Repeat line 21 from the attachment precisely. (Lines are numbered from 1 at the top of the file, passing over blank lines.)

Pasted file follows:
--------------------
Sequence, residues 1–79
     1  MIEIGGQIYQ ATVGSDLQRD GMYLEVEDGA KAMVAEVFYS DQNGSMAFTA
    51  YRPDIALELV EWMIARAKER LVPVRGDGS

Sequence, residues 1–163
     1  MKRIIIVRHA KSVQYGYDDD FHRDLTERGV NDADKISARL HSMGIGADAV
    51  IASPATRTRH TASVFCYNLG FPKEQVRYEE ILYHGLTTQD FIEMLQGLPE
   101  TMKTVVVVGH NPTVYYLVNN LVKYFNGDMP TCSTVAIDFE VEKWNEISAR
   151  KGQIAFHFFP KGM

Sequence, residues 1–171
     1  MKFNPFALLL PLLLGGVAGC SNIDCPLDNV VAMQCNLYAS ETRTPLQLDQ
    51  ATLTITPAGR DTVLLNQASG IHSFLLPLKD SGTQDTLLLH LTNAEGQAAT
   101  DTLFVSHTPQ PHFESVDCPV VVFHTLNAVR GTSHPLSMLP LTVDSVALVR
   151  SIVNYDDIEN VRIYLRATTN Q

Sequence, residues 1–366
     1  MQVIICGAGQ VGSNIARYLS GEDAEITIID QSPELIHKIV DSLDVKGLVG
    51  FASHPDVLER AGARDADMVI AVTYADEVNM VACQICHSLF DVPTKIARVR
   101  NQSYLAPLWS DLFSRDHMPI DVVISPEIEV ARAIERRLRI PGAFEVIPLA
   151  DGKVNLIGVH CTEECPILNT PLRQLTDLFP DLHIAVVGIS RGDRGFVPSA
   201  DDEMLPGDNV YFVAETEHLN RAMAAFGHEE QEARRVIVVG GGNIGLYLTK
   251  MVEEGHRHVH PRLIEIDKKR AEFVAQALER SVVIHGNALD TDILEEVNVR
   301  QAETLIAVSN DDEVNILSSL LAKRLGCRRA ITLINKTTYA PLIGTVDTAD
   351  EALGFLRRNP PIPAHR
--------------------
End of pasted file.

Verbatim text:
   301  QAETLIAVSN DDEVNILSSL LAKRLGCRRA ITLINKTTYA PLIGTVDTAD